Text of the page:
|The pumpkin seeds at planting in the peat pot in early April 2015|
We started by planting a few Big Moon pumpkin seeds in a peak pot in early April. These were grown until they reached the recommended size (of 4-5 leaves) and were then transplanted outside. A small mound of potting soil was made in an area of our suburban yard with sufficient sun. The transplanted pumpkin was then surrounded with the evaporation cover seen below.
|The Giant Pumpkin on day of transplanting May 9, 2015.|
The Waterboxx was then placed very carefully over the transplanted seedling, with care taken not to damage the stem. This Waterboxx has 4 wicks to delivery sufficient water to the plant. If no rain is received (and insufficient dew), this Waterboxx would need to be refilled every 1-4 weeks manually.
|The pumpkin has grown considerably by May 19, 2015, when this picture was taken. No external water has been given to this pumpkin, as all of its water needs are being met by the Waterboxx which is refilled by dew and rain.|
We have been fortunate enough to have squash bees (bright orange bees the same size of a honeybee) in our area, so we hope that we will have many pumpkins from which to choose. We will of course only keep one pumpkin to get the largest one possible.
|The Giant Pumpkin completely covering the Waterboxx on June 12, 2015. The Waterboxx can just barely be seen. in the blow up below (you see the white corrugated lid).|
|A close up view of the above picture - the Waterboxx is still working beneath the pumpkin leaves.|
|The Waterboxx lid on June 12, 2015. The Waterboxx is so full from dew and rain water it is overflowing, and the blue circular siphon is covered.|
|Our chosen giant pumpkin on June 30- we will let this one pumpkin continue to grow while keeping one back up. pumpkin This way, all the plant's energy will go into this one pumpkin. We put a wooden pallet beneath to support the pumpkin.|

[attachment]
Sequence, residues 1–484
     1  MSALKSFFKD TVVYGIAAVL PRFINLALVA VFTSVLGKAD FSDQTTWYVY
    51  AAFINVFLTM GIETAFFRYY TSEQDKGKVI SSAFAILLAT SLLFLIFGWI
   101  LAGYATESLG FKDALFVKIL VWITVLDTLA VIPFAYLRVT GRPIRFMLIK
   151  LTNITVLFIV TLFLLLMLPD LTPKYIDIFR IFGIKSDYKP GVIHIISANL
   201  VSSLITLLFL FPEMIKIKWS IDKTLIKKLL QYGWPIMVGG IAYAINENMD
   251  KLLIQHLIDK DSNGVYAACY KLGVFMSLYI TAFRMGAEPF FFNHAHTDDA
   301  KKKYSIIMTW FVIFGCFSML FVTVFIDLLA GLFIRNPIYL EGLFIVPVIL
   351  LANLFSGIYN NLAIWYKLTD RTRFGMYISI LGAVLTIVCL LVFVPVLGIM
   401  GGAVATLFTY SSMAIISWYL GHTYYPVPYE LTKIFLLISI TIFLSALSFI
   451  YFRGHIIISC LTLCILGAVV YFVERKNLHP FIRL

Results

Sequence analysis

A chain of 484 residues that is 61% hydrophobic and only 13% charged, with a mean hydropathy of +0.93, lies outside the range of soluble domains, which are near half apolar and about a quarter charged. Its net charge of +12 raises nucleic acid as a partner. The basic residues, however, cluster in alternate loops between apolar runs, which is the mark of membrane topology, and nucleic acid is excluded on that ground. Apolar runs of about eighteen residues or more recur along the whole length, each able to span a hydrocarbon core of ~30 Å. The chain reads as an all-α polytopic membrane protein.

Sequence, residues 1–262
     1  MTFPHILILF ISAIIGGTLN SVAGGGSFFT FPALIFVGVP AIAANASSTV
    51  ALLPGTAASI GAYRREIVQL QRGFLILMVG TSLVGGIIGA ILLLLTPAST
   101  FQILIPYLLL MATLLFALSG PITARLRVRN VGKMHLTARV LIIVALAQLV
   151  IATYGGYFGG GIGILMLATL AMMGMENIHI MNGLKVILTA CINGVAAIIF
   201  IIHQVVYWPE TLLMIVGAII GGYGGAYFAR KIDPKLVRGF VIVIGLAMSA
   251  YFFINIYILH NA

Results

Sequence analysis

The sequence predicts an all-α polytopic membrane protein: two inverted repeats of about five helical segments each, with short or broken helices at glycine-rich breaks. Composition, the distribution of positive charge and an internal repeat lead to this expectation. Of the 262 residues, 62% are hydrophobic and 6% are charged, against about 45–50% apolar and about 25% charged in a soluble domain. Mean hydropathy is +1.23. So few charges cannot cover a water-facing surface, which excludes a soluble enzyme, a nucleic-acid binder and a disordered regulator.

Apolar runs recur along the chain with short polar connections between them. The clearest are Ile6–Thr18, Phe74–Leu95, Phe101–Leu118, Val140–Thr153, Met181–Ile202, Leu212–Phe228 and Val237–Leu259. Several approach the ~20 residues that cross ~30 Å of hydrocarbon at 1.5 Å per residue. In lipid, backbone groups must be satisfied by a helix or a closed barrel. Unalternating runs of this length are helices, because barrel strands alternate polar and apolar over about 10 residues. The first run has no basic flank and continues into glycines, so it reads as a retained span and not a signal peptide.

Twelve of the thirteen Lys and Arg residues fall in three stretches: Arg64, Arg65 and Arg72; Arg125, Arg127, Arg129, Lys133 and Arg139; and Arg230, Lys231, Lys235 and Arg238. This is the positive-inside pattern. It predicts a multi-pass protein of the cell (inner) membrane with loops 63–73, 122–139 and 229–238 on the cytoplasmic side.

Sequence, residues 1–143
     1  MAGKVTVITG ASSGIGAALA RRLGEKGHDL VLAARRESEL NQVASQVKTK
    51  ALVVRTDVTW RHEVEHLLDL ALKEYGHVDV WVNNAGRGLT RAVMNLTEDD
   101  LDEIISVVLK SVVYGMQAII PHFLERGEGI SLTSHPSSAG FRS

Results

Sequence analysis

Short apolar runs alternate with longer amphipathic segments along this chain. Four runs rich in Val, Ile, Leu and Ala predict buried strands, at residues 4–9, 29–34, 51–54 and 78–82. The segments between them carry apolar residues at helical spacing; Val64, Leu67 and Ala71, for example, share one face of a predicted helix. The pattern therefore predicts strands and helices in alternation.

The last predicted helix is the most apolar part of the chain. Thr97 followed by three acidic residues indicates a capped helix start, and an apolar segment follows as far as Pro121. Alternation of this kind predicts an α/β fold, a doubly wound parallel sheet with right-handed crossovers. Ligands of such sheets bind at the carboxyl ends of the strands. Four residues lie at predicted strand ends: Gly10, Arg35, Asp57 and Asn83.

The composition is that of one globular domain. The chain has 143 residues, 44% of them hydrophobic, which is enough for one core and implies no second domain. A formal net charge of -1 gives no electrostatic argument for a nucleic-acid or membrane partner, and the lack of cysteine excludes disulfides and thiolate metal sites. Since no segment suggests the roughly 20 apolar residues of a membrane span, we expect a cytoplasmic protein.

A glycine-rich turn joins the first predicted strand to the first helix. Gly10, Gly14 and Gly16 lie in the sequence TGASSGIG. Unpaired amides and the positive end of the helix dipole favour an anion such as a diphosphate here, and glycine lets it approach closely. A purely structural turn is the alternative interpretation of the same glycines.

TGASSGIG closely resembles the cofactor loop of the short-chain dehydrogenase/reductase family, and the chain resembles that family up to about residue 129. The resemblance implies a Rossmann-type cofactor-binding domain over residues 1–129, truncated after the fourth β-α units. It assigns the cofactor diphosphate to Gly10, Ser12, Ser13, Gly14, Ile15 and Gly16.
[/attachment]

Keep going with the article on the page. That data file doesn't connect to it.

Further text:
One site recommends 15 to 20 gallons of water per week should be added to the pumpkin at its base - but the Waterboxx holds only four gallons. How is the pumpkin not dying of thirst? Well, the Waterboxx prevents almost all evaporation of water from the soil around the pumpkin roots. Secondly, when the pumpkin transpires water (similar in idea but not mechanism to sweating in animals) from the bottom on its leaves, much of that water is recycled onto the Waterboxx lid and collected by the Waterboxx.
We did add 4 small Jobe's organic fertilizer spikes to the soil around the Waterboxx sheltering the plant on July 1.
|Same pumpkin on July 16. We haven't added any water to the Waterboxx PlantCocoon® or to the roots of the pumpkin , but the Waterboxx remains full. We expect the pumpkin to continue growing until at least early October.|
We will continue to update this post with pictures of the pumpkin plant throughout the growing season. We are growing several other plants with the Waterboxx PlantCocoon®, a complete list is available here.
You can buy the Groasis Waterboxx here.
If you would like to learn how to grow plants without watering with the Waterboxx, the best resource is the book The Waterboxx Gardener: How to Mimic Nature, Stop Watering, and Start Enjoying Your Garden available here on Amazon.com.